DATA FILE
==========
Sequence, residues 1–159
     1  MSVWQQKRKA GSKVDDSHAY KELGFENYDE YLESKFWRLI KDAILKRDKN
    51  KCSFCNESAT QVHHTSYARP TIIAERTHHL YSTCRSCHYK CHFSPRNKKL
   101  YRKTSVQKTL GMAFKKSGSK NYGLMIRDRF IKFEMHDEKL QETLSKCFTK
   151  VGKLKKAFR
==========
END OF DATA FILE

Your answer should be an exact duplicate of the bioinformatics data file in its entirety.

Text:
Sequence, residues 1–159
     1  MSVWQQKRKA GSKVDDSHAY KELGFENYDE YLESKFWRLI KDAILKRDKN
    51  KCSFCNESAT QVHHTSYARP TIIAERTHHL YSTCRSCHYK CHFSPRNKKL
   101  YRKTSVQKTL GMAFKKSGSK NYGLMIRDRF IKFEMHDEKL QETLSKCFTK
   151  VGKLKKAFR